The unpopular comic book opinion

The unpopular comic book opinion

Screw the canon!

Be warned: I am about to voice an opinion that is extremely unpopular among geek-circles worldwide.  I am an enemy of the prevalent idea that comic books and comic book movies should stick to the canon of the title.  The canon, in my opinion, is nothing more than an excuse to prevent new writers from taking old properties and forming with them new and exciting ideas.  Sure, taking a character like Wolverine and giving him flying abilities might be a bit over-the-top, but rebooting a franchise like Spider-Man and using a different back-story to make a new point is the best thing people can do for these properties.

Certain comic book personalities have been around for decades.  Their stories are well-known to fans of the books and the movies frequently reuse the old ideas in order to appease their market.  When something goes a little outside that boundary, such as a movie like X-Men: First Class or Nolan’s Batman franchise, nerds everywhere are filled with rage that such changes could be made to classic stories.  “That’s not the character!” they scream loudly.  The problem with that reasoning it, everyone has a different idea of what a character is supposed to be.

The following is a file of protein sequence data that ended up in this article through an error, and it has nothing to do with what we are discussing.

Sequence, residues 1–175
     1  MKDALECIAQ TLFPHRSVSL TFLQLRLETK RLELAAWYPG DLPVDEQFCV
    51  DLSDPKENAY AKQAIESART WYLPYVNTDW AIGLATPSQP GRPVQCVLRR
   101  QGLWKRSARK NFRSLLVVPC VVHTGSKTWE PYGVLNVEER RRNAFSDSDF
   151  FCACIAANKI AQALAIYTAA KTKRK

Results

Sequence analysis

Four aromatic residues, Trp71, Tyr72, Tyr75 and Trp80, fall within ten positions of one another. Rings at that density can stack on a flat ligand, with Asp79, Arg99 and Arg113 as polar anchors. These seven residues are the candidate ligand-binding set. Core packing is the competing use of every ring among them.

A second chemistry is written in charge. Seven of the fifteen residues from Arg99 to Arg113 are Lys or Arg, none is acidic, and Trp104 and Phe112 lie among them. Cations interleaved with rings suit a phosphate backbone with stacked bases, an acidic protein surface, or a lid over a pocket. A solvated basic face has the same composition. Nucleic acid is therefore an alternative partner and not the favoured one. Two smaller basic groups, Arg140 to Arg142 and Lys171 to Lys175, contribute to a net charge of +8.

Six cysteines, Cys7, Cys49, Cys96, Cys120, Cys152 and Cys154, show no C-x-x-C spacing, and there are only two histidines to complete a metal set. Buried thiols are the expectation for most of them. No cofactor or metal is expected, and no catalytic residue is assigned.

One of the things I enjoy about going to see a movie is that there is a new story being told.  As I mentioned, the old books explain one version of a character.  New visions should be expressed feely, without fear of retribution.  Let the comic books stick to their own canon, but don’t hem movies or television projects in, especially considering they’re rebooted every five or six years.  If we want to see the same movie over and over just to keep continuity, we’re going to get real bored, real quick.

With so many great writers out there, many of them fans of the original stories, there’s no reason to limit them.  Appreciate the creativity they bring to the old, dusty franchises.  How often do old books retrace the same characters doing basically the same thing?  There are only so many tales to tell and if you don’t have the heart to kill off your money-makers then at least let them transform.

Every individual attempt to tell a story should be appreciated as its own thing.  If it doesn’t follow canon, there’s no need to rage.  Popularity of certain characters has made companies like DC and Marvel unwilling to part with them and seemingly unable to come up with new ideas.  Someone has to take the plunge and move beyond the stale arcs and recurring themes.  Our times are changing and so are the things we care about.  Sometimes, only a new version of an old personality has any hope of telling the tales that are important to us.